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Family Copes With Separation

Military: Parents find new strength after world events remove father from the household.

April 14, 2002|JACK SULLIVAN | ASSOCIATED PRESS

GRAND FORKS AIR FORCE BASE, N.D. — It was the middle of his overnight shift when Staff Sgt. Robert Warner came home, woke his wife and told her the Air Force was sending him to the Persian Gulf. In an hour.

April Warner remembers every minute of the next 60: Her husband paced their government-issue house, more nervous than she had ever seen. They double-checked the deployment bag he had packed 11 days before, on Sept. 11.

They went over the bills Robert had always handled and signed papers giving April power over their affairs. They decided not to wake their four children. And then they said goodbye.

"He kept saying, 'I love you, I love you,' " April recalls. "And I kept thinking, 'Is this the last time I'm going to hear him say that?' "

And then he was gone--joining the first wave of airmen sent from Grand Forks to "Base X," the secret desert outpost 7,000 miles away that's home for KC-135 Stratotankers to fly air-refueling missions in support of the Afghan war.

Back home, for the first time in her 11-year marriage--and her adult life--April was suddenly alone.

The next morning, she tried to explain to the kids.

"Did Daddy die?" 2-year-old Brittney asked.

April started crying.

"Daddy will be home, don't you worry," she said. "Daddy will be home sooner than you think."

But at 29, with four children and far from her extended family, she was afraid at first that she wouldn't make it on her own. The Warners had only lived in North Dakota a few months, after previous Air Force postings in England and Oklahoma.

The weekend ground away. April prayed at Mass on Sunday at the base's Sunflower Chapel. She went to the base family support center Monday.

"Please help me," she said. "I don't know what to do. My husband left, and it's our first winter here, and I don't even own a snow shovel."

Base Location Secret

Robert Warner's first shift stretched for 40 hours as crews rushed to reopen Base X.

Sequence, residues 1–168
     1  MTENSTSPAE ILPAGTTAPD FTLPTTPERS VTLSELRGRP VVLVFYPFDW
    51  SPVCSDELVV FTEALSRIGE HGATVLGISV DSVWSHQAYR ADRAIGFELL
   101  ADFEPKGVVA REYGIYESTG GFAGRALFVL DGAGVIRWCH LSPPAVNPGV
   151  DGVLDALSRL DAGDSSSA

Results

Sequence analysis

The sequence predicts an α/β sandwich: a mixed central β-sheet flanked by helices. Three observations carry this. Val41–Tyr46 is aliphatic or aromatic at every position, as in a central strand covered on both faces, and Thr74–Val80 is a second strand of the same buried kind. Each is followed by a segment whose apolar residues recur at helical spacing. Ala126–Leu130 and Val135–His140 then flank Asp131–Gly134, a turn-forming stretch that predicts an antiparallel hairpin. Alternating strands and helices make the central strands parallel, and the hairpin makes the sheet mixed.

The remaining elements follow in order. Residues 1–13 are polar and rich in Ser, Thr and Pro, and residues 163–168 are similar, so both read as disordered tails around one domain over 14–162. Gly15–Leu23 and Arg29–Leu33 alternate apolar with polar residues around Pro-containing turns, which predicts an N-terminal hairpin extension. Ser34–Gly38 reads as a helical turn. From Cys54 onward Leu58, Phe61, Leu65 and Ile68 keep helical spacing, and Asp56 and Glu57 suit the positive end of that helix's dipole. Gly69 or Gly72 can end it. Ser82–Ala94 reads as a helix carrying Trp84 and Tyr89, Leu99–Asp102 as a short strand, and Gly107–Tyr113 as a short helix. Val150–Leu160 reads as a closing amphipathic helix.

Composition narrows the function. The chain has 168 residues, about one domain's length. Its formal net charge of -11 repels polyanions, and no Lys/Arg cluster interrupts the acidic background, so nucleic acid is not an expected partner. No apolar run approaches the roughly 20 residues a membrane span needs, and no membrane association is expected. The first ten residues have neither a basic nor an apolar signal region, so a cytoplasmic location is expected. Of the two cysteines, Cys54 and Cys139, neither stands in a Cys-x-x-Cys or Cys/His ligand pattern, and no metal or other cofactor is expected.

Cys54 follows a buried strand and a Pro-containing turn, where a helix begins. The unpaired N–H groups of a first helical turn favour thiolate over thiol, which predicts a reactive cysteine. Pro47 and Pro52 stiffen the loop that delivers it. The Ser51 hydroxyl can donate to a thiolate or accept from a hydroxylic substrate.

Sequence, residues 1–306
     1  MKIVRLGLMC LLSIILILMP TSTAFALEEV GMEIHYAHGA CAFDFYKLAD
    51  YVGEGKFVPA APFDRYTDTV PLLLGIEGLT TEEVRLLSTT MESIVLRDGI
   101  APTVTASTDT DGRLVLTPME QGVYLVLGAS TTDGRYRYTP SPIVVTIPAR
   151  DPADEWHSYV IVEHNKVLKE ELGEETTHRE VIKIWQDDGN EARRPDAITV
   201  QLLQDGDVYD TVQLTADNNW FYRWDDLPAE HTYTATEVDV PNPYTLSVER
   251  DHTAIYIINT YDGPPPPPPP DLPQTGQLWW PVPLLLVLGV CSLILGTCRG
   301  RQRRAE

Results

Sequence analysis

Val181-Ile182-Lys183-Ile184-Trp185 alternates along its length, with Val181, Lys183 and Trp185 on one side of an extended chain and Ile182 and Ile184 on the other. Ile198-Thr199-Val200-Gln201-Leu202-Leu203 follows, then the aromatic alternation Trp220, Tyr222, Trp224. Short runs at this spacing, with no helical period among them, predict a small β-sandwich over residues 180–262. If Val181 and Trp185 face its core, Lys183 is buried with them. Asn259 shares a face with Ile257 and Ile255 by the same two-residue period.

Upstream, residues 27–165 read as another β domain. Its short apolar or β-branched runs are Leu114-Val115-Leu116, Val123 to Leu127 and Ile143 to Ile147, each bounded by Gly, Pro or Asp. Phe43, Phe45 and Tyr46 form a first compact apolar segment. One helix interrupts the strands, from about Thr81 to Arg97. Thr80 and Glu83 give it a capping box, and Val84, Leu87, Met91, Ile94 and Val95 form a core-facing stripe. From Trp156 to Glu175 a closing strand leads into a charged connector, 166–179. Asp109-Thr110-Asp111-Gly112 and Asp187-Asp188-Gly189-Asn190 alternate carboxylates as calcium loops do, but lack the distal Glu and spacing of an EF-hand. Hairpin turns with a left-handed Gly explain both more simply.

Contained within a larger military installation of its host country, Base X had been used occasionally by Americans in the 1990s. The Air Force keeps the base's location secret for security reasons and because its host nation wants to limit knowledge of the help it is giving the United States.

Gray-green scrub dots the vacant desert between the base's runways and "Tent City," where the Americans live. Concrete barriers and concertina wire ring the compound, and sandbagged guard posts rise above its fence. Gravel streets line row after row of tan tents. Dust as fine as baby powder quickly covers vehicles.

The first crews found little more than half a dozen empty buildings on the rocky ground. Workers used two-foot-long bits to drill holes in the rock for support poles for 253 tents. The civil engineers who plotted the streets named them after the streets of New York--Park Avenue runs down the center of the camp, and Wall Street passes before the finance tent.

Standing near the center of Tent City is a mileage post marking the distance to several cities and landmarks, including the World Trade Center.

Eventually, some amenities came: a barber, tailor, sand volleyball court and outdoor movie screen.

The fuel building where Robert Warner was assigned looks out over a taxiway, runway and desert. From midnight to noon, six days a week, he drove one of 15 fuel trucks that pumped a quarter-million gallons per day into 10 KC-135s.

He and his co-workers strung 120 water-bottle caps on a cord hung below camouflage netting outside the building. Counting their duty as with an abacus, they slid a cap from one side to the other every day, another mark toward the trip home.

But when it became obvious that four months would pass and they would still be in the desert, they took the cord down.

Financial Advice

April Warner returned from the family service center with an armful of brochures, information most families receive to prepare well before someone deploys. Postcards for her kids to send Robert. Advice on finances. How to shoulder stress.

Robert took care of the checkbook and many household decisions. "I just had to step up to the plate and do it all," April said.

Robert was the disciplinarian, a role she had a hard time filling. "My kids would laugh at me and say, 'You're joking, Mom. Daddy's the one who sends us to our room, not you,' " she said.

Time passed. She remembers an afternoon nap--made possible by a base "Give parents a break" event where she had delivered her four children--as if it were a vacation.

The children had their own struggles. Ashleigh, 10, and Tommy, 9, slept in Robert's T-shirts every night. "They smell just like Dad," they said.

Ashleigh took five of her father's fishing trophies into her room and put them on her dresser.

Things changed slowly. April grew as a default single parent, managing her house and her children alone. She made a point of rewarding Tommy's first entry in a Cub Scouts Pinewood Derby because he built his third-place wooden racer himself.

After a while, she contemplated the changes in her life.

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